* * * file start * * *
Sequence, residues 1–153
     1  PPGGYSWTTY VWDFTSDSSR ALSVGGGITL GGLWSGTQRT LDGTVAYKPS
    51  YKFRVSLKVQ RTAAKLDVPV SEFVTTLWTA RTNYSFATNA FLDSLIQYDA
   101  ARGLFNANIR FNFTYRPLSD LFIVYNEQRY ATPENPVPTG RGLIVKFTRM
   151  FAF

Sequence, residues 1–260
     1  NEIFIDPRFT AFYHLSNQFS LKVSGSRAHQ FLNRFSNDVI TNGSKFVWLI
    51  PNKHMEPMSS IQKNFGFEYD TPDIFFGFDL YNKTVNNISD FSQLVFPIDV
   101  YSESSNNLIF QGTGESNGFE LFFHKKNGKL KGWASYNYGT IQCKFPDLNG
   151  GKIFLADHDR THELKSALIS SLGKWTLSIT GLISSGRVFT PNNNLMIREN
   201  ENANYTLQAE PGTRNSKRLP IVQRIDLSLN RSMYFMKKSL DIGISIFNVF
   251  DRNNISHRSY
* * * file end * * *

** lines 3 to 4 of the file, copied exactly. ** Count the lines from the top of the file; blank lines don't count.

    51  YKFRVSLKVQ RTAAKLDVPV SEFVTTLWTA RTNYSFATNA FLDSLIQYDA
   101  ARGLFNANIR FNFTYRPLSD LFIVYNEQRY ATPENPVPTG RGLIVKFTRM